In addition to his position at Masterworks, Jeffrey is known for his art, Salish Geek. “I take my passions for comic books, sci-fi, horror, fantasy, and blend it with my Native American heritage and designer background.” He jokes that he still has the same creative dreams that he did as a child. “I still read comics, I still love toys, I’ve never grown up and I don’t feel the need to do that. I feel connected to the characters that I’ve always loved. I’m connected to the genres that I care most about. “

    Jeffrey, who in 2000 earned an Associate of Applied Arts in Industrial Design Technology from The Art Institute of Seattle, says that he’s always had a talent for drawing. “Having those kind of passions and having those skills is never enough. If you really want to make it, you have to work at it.” He says that his education helped him to fine-tune his passion and focus it into a career path that’s led him to his present position. “I can work all night on a project and feel fantastic and energized. When I go to bed I can’t sleep because I’m so excited about what I just created.

    See ge.artinstitutes.edu/programoffering/90 for program duration, tuition, fees, and other costs, median debt, salary data, alumni success, and other important info.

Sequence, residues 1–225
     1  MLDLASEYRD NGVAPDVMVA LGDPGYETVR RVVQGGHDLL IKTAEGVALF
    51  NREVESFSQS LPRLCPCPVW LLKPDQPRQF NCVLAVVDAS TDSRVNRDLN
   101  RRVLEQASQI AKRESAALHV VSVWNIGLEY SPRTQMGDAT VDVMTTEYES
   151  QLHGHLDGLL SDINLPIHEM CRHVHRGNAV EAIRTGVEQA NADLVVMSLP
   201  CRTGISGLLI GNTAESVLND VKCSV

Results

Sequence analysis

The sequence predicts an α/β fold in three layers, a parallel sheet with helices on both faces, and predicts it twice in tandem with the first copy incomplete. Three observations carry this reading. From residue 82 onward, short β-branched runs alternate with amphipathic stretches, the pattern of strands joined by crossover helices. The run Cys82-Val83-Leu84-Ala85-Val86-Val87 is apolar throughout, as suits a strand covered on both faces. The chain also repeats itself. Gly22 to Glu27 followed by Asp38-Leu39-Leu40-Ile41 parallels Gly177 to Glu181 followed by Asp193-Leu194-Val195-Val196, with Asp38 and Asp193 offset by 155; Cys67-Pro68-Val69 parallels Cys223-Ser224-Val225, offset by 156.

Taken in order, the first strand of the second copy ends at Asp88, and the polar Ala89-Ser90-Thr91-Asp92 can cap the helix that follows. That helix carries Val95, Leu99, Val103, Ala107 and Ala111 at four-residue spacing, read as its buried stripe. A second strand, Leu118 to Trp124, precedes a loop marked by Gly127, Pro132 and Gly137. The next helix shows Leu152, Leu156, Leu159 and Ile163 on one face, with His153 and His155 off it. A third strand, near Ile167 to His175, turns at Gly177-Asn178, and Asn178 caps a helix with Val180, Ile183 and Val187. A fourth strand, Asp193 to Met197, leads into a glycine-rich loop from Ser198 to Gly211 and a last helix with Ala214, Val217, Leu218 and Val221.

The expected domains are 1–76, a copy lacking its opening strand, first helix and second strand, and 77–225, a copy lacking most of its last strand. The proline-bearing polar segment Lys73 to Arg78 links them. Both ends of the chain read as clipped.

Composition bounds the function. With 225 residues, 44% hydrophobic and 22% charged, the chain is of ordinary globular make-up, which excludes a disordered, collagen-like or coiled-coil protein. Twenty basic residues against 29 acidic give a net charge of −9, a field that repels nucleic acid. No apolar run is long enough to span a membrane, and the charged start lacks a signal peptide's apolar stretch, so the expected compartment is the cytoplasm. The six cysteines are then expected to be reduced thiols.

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  • Steven James Taylor

    Steven James Taylor

    , 2006

    "I design not on paper, but with a pair of calipers, an exacto blade, and a hand tool."

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    Steven James Taylor

    Steven James Taylor is working as an advanced model maker for Apple, Inc. in Cupertino, California. He’s responsible for designing and creating interaction prototypes to support Apple’s industrial and interaction design. “I love how things are made and greatly enjoy solving mechanical problems and seeing a pile of nuts, bolts, and other parts come together into a working prototype,” Steven says.

    He says that a typical day consists of balancing his work between a few projects. “I generally work on [anything from] designing mechanical prototypes to making physical models that portray the designs and interactions’ intent.” Steven is excited to utilize his knowledge and skill to improve the products he works on. “I am able to [provide] a unique view of how to solve a problem when given one. I am very mechanically focused—more than design driven."

    Steven, who in 2006 earned an Associate of Applied Arts in Industrial Design Technology from The Art Institute of Seattle, says that his education provided the tools he needed to transition into his creative career. “It showed me that hard work and attacking the next challenge with vigor will get you far." He recommends that current students say yes when others say no. “Question the way you and others approach a problem. Find an answer when there appears not to be one. Start thinking differently, work hard, and do what you love."

    See ge.artinstitutes.edu/programoffering/90 for program duration, tuition, fees, and other costs, median debt, salary data, alumni success, and other important info.

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What Will I Study?